SRH International assists our Clients with opening a corporate bank account in Italy. Our experienced banking team will prepare all requisite documentation on your behalf and submit them to the bank. We will also attend the bank interview on your behalf. To find out more about Italy business banking, please read the information below.
- The Italian banking system is underdeveloped compared to other main European countries and is characterized by the coexistence between a handful of large national groups including i) Unicredit ii) Intesa Sanpaolo and iii) Mediobanca and over 150 provincial banks;
- Foreign banks are serving an increasing number of corporate customers and currently holding a 20% market share. Main foreign banks present in Italy are i) Deutsche Bank ii) BNP Paribas iii) Barclays and iv) Commerzbank;
- Italian corporate and personal banking products and customer service are of average standard, with notably easy access to i) multiple currencies ii) checking accounts iii) saving accounts iv) debit and credit cards v) fixed term deposit and vi) wealth management services but ii) poor internet and services banking;
- It is currently very difficult for SMEs to secure loans in Italy due to i) lending rates currently averaging 4.2% annually and ii) only 25% of rate of approval for loans applications by SMEs.
SRH International banking services
- SRH International bank account opening team can open the corporate account within 4 weeks and obtain internet banking approval within the subsequent week. Our fee for this service will be €3,950;
- While our experts will liaise with the banks to prevent our Clients from travelling for the interview, there is still a 50% chance that the bank may require our Clients to travel for a one hour interview. There will be a fee discount of €500 if you have to travel;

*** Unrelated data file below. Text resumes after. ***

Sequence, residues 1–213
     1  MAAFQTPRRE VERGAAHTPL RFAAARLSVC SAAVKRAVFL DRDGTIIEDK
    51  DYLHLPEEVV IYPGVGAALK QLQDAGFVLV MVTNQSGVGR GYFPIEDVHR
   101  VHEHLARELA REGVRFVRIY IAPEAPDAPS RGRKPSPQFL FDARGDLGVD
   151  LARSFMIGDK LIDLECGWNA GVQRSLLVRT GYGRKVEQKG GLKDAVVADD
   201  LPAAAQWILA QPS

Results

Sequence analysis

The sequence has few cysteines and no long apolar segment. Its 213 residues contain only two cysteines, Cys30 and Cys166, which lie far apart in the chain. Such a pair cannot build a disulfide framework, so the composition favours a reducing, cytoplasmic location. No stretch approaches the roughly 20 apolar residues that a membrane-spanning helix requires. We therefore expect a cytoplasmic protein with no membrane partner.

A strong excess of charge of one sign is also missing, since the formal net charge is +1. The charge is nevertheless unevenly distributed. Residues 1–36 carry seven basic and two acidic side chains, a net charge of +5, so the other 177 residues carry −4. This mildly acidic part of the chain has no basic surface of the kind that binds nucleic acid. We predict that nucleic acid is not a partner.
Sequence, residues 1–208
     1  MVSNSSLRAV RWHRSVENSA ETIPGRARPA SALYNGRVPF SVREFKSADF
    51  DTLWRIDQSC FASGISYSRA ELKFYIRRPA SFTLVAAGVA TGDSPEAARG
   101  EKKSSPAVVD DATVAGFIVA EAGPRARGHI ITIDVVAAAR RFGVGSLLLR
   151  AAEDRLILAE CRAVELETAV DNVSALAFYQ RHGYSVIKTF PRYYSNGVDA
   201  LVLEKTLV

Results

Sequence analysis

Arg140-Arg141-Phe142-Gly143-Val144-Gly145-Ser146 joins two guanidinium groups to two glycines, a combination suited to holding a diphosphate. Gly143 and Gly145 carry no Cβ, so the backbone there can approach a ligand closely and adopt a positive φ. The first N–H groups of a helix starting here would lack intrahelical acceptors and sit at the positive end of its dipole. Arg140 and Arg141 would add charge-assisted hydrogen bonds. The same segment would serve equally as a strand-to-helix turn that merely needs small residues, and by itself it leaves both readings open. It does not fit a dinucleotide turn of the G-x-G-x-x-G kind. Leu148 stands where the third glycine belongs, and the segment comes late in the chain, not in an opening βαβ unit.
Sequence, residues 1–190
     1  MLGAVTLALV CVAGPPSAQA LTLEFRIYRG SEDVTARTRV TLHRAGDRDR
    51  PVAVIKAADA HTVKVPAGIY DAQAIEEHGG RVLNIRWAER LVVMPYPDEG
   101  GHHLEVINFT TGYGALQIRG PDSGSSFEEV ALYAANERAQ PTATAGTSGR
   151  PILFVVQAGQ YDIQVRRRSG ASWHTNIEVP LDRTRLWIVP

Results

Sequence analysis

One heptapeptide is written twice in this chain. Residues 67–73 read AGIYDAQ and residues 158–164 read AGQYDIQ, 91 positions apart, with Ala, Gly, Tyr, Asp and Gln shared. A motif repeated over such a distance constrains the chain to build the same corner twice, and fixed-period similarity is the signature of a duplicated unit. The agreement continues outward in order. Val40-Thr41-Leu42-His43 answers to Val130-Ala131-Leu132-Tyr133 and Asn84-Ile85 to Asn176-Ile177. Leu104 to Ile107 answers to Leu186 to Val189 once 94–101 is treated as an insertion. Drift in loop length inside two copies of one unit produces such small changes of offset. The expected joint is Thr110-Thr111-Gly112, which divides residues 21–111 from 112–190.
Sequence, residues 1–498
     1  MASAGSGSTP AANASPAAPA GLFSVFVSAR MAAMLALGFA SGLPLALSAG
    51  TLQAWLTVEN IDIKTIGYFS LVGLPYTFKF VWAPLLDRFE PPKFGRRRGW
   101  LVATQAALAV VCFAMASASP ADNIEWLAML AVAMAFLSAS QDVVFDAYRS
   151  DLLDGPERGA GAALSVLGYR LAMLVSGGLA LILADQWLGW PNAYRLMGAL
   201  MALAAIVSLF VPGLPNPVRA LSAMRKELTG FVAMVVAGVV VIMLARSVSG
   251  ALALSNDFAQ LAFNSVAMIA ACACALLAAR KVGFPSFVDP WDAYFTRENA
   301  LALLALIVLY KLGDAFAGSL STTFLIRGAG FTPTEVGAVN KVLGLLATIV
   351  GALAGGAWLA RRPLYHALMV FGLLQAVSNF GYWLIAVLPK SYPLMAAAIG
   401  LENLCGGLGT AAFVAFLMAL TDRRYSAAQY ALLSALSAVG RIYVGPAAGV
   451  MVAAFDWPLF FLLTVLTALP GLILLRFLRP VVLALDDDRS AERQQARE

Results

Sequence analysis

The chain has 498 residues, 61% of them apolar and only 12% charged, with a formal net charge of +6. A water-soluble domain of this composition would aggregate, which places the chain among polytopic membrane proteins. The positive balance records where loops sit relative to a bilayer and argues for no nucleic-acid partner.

- Following bank account approval, the preferred Italian bank will directly and independently email our Client the corporate bank account number.
Opening an Italian corporate bank account
- Due to the poor state of Italian banks, SRH International currently recommends our Clients to rather choose global banks including i) Deutsche Bank ii) BNP Paribas and iii) Barclays for Italian corporate bank account solutions;
- Documents required to open an Italian corporate account include i) a passport ii) a proof of address iii) a tax identification code iv) a certificate of incorporation for the company and v) a certificate of good standing for all owners holding over 20% of the company’s share capital;
- Indicative yearly costs for banking services are: i) bank account maintenance fees – €30 ii) business credit card – €30 iii) international banking transfers – €25 + 0.3% commission iv) checkbook – free v) ibanking services – free;
- Non-UE resident individuals may open a nonresident bank account, but only foreign currencies may be deposited. Documents required include: i) a valid passport and ii) a tax identification code (also issued to non-residents in Italy).
- Italian banks are willing to provide finance to local companies if the following conditions are met i) good business-plan ii) availability of collateral assets iii) experience of business owners iv) last 3 years audited financial statements v) realistic feasibility study and vi) project strength and weaknesses analysis (SWOT);
- We also assist our Clients secure trade finance services including i) bank guarantees ii) letters of credit iii) finance against trust receipt and iv) document against payment and against acceptance;
- SRH International will help our Clients obtain corporate finance in the form of a loan, overdraft or simply preferential credit terms.
Exchange controls and other regulations
- Although Italy does not have exchange controls, notification must still be provided to the Central Bank for monetary transfers over €12,500. This is done to disrupt money laundering activities;
- All Italy-resident businesses and individuals must disclose their assets detained abroad to the authorities or are subject to a fine representing up to 15% of assets for each year undeclared. Trust beneficiaries, individual shareholders with over 25% of a company’s capital share and other “beneficiary owners” are also affected by this regulation.